Establishing a more competitive market may be impossible this late into the process, though.
Four NBA executives and two player agents—all of whom were granted anonymity by the Arizona Republic's Paul Coro—unanimously agreed Phoenix's proposal is fair. One of them even considers Bledsoe fortunate to see that much cash:
I'm surprised that they would offer him that much. They don't need to. It is really fair and, in fact, generous. He is talented, but he has never put it together very long, and he hasn't been healthy. It's hard to turn your team over to him.
Even if there are teams who want to pay Bledsoe more, most of them can't.
Almost all of them can't, per ESPN.com's Kevin Pelton:
“First off I’m going to let my agent handle it,” Bledsoe told Alabama 13's Kyle Burger. “I can understand the Phoenix Suns are using a restricted free agent against me. But I understand that.”
Indeed, there's a certain devil-may-care bravado emanating out of Phoenix. The Suns have nothing to worry about. Why should they offer Bledose any more when no one else is? Or when they can and will match any contract he receives?
They shouldn't. And they won't. That's their right.
They're just playing the hand they've been dealt. It just happens to be much stronger than Bledsoe's at the moment.
Discretionary Price Tag
At the risk of alienating Bledsoe, the Suns can—and likely will—come up on their offer. But not by much.
The threat of new leverage doesn't loom large. If Bledsoe doesn't find another offer sheet, the only thing he can do is accept Phoenix's qualifying offer, play out next season and have complete control over his future by summer 2015, when he will be an unrestricted free agent.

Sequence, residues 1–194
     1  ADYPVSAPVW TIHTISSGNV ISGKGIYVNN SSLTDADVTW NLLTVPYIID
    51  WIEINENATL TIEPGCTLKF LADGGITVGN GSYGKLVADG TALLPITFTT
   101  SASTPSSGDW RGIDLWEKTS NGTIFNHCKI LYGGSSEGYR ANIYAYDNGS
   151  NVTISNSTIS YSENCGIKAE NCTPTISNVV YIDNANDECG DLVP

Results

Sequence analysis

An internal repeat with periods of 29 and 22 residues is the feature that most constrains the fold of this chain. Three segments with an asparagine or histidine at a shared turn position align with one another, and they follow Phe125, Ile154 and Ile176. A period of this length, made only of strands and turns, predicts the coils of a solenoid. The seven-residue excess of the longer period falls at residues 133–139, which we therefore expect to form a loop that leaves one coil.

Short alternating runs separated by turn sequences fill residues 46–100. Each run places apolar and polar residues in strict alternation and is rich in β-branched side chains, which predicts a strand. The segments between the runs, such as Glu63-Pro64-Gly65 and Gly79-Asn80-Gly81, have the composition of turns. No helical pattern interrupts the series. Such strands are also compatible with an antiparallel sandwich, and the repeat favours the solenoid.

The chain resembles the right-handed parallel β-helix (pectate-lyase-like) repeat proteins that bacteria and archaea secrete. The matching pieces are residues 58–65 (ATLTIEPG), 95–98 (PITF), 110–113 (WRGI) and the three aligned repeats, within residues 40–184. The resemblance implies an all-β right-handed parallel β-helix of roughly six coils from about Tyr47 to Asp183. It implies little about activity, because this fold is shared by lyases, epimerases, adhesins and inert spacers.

Accepting the qualifying offer is a major risk, though. Another injury could derail Bledsoe's earning potential. Playing poorly could hurt him financially, too.
This is a chance for Bledsoe to secure his financial future. Whatever contract he signs—be it what Phoenix is offering or another one—sets him up for life. There's no way that's lost on him.
More than a month into free agency, Bledsoe can only hope the Suns are willing to budge slightly, which they just might.
Sarver's previous comments not only suggest there's still room to negotiate, but the Suns would be walking a fine line if they assume the take-it-or-leave-it approach.
Bledsoe is still a valuable building block—a young and talented athletic specimen who plays the league's most important position and helped pilot the NBA's eighth-best offense last season.
Signing Isaiah Thomas only safeguards their dual-point guard dynamic so much. Goran Dragic can become a free agent next summer, and there's always the possibility Thomas doesn't fit in. Chemistry is important, and it's this profound connection that leads Bleacher Report's Jim Cavan to believe flexibility is paramount:
What we’re left with, then, is a game of chicken between two determined, equally stubborn semi-drivers, barreling toward one another down a single-lane stretch of desert road.
Within the resulting guesswork over who blinks, Phoenix fans likely have their personal preference.
As for the Suns themselves, avoiding locker room rancor means not caring about who swerves first, so as long as someone does.
Something and someone eventually has to give for this relationship to be completely salvaged. In the (likely) event Bledsoe doesn't find that rival offer sheet, the Suns could move their needle slightly as a sign of good faith, in an effort to keep existing good will alive and well.
How far must they rise?
However much he's worth to their future.
What's he worth to their future?
Whatever they're offering.